Natalie Kovarik Thank you. Yeah, but yeah, exactly.
Lisa Bass So okay, one of the things that you talk about, too, on your page is farmers wasting feed on cattle. I’m totally getting into controversial waters at this point. But what do you hear about that a lot? And what is the misconception on that? If we all just replaced meat with some other form of protein that there would be more food to actually feed the nation?
Natalie Kovarik Yeah. So this is another thing that is just not— and I don’t— again, there’s no blame for not being aware of these things. I’ve actually been wanting to do like a side-by-side real about this. So you’ll hear a lot that— and I think this is what you’re talking about, but you’ll be like, “Two-thirds of the land in the U.S. Is used for grazing animals. And like, shame on us for using all that land, and we’re hoarding it, and we’re wasting it, we’re ruining it.” And I can vividly remember watching a part in Cowspiracy and they played terrible music behind it, and they made it all like, “Can you believe this?” And it’s right. Two-thirds of the land mass is what’s called non-arable or marginal. So that means we’re using it to graze animals. But that is because it’s the only thing it can be used for. So that’s why it’s called non-arable or marginal is because it’s either too hilly, too rocky, it’s like not fertile enough, whatever. It’s kind of like where I’m in my ranch, like the Nebraska Sandhills. If you guys followed me along in stories, you’d see there is no way to actually grow food on that land. The only thing we can do with 2/3 of our land mass is actually graze animals on it. So thank goodness, right? Thank goodness for ruminants, that they have the capability to upcycle and take cellulose like grass, an inedible human product and turn it into this high protein food that’s delicious that we can digest. So yeah, I think when people try and point the finger and say that like, “We’re wasting land,” or “We’re wasting resources,” they’re not understanding or certain groups or media or whatever it is, are actually using that statistic and twisting it to make it seem like it’s a bad thing. But it’s like we’re actually taking land that we can’t do anything else with, and we’re providing food that humans can consume with it. And I think the other thing to point out and talk about with this, too, is that we don’t think about the nutritional factor of it too, right? So okay, let’s say, somehow magically we did figure out how somehow to take that 2/3 of non-arable marginal land that we can’t plant on. But somehow we figured it out and we planted on it for human consumption. Is corn— is that really what we want to be putting into our diet? And I know Sustainable Dish does— again, I’m a little out of my wheelhouse getting into nutritional because I just don’t— I’m not a dietitian. I just don’t want to spend the time fighting that fight. And so she does a ton of work on this. So if anyone’s interested, she’s she has a book coming out and she’s a good resource for it. But she talks a lot about— because people will say, “Well, we’re putting corn to cattle consumption. What about just giving that corn to humans?” But it’s like, “What? So we can eat more corn syrup?” Like, is that the ultimate goal? You know, we have to also think about the nutritional value and beef is a very high protein source. And I just don’t think that’s part of the conversation enough is like, okay, you’re kind of comparing apples to oranges by just saying, “We’ll take that corn or whatever it is we’re producing—” What’s the nutritional value of the food we’d actually be introducing into society then versus what beef and protein does for the body?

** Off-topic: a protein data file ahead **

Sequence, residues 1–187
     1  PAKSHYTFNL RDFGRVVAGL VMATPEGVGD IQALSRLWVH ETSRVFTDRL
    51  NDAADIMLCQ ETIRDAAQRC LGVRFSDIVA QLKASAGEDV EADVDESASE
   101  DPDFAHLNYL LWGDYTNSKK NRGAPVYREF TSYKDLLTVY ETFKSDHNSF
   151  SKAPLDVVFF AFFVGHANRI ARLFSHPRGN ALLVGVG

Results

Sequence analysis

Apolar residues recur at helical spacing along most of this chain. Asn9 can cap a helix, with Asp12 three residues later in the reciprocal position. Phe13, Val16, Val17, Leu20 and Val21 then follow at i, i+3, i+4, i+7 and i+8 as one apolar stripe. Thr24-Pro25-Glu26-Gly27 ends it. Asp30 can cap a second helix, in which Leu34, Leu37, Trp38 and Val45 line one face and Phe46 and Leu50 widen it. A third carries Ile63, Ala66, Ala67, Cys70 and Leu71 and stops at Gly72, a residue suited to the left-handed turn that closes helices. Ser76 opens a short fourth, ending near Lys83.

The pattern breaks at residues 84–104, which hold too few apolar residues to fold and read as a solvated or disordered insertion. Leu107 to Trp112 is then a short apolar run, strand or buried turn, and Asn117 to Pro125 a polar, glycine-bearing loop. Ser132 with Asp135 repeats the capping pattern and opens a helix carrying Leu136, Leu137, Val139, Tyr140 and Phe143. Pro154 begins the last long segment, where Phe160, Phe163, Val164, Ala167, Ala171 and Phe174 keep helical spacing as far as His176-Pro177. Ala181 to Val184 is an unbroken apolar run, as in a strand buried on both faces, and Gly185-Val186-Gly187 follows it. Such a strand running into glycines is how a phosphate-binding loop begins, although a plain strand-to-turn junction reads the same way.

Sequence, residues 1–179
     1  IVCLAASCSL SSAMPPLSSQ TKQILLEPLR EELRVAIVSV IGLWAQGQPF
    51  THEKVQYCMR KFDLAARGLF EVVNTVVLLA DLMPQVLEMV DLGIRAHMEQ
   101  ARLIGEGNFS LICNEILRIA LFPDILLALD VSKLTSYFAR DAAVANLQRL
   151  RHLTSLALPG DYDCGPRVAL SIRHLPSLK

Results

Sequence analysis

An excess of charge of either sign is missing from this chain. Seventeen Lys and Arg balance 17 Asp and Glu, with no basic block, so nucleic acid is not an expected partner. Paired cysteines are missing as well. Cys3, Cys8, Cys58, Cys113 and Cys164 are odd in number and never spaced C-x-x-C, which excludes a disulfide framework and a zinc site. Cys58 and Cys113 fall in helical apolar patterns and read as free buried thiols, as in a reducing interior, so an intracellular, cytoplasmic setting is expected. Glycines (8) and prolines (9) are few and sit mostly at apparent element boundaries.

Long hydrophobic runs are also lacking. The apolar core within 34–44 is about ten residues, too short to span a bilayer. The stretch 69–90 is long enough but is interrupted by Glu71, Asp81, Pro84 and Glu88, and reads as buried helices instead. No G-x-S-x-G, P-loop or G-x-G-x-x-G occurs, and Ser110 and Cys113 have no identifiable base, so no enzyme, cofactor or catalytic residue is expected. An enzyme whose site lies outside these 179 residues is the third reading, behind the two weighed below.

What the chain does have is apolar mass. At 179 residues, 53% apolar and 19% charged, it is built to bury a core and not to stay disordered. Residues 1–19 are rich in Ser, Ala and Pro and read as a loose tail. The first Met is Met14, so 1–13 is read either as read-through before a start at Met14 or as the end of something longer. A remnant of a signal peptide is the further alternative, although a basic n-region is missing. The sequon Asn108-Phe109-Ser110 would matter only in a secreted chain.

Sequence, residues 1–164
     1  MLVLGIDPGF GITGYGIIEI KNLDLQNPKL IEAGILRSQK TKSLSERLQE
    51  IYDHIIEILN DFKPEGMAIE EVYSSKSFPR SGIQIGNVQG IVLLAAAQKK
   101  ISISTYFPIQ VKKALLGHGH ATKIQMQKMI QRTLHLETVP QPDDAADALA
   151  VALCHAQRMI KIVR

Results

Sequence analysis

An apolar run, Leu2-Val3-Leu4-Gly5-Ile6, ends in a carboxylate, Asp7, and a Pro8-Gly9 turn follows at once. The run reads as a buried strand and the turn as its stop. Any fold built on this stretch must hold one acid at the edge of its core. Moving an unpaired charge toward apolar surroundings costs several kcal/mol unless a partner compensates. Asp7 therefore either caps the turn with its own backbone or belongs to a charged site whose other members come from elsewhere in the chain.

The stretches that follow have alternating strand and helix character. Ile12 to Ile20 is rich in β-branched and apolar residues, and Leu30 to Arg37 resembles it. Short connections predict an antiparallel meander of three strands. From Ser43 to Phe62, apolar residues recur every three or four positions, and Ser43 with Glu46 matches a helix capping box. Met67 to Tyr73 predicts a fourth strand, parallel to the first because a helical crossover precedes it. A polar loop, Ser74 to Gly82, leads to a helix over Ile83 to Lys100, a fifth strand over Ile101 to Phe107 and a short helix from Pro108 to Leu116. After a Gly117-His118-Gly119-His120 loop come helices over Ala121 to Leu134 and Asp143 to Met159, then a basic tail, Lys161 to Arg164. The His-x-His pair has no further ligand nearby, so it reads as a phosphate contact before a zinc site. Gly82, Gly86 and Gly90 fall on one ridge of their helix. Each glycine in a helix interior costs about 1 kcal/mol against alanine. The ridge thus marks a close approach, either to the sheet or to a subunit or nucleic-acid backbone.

Lisa Bass Yeah, I actually was the other day just listening to a podcast, and it was all about gardening. And they were talking about all these methods of gardening. And then they’re like, “Wait a minute. Just really quick— if your goals for your little tiny homestead is to replace food from the grocery store— which vegetables are great. I love gardening. They love gardening. But if that’s the goal, if it’s not for the satisfaction of it and for adding some lovely, different ingredients all to your diet and to your meals and fresh ingredients. But if it’s just for how can I get the most food and protein for the least amount of space, they’re like, “Wait a minute. If that’s your goal, move over to chickens. Move over to maybe a dairy cow that you can milk because these are these nutrient-dense protein sources that—on a small plot of land—will actually give you— Like you can’t live off a bed of kale. If you’re making like a whole acre garden of kale— again, great ingredients. I love them too, but that is not something that is actually going to sustain a person. So I think what you’re saying is basically, “Are we going to be able to survive if—in some off-chance—we could actually turn 2/3 of this into ability to grow corn? Are we now going to actually live healthy, strong, robust lives on corn and corn syrup?” Probably not.
Natalie Kovarik Yeah. And you also think— I mean, we can’t grow avocados in the Midwest. You know, there’s certain things, there’s just certain areas of land you can’t grow stuff on. So even if you— people are like, “Well, we’re not all going to plant corn. We’re going to plant other produce and all these things.” It’s like, that’s not how it works. Like, there’s a reason California has a wide range of agriculture and what they’re producing there versus what’s produced in the Midwest versus what’s in the East. Our land does dictate what is able to grow in certain places. So again, people who just try and break down agriculture and food and climate change into these nice, neat little boxes— I’m like, “That’s just not how it works. It’s a very complex system.” And that’s even just saying nationally. That’s not even getting into the discussion of importation and exportation and what we’re going to export and import and the whole balance of that. So yeah, one of the reasons why I keep using my voice is because I just want to bring awareness to how complex this is and be like, if we’re really going to move forward as a society that we’re feeding people and taking care of our land, we have to come together, we have to work together. We have to have support for our farmers and ranchers, and we have to stop thinking of it as so black and white. It’s a very complex issue.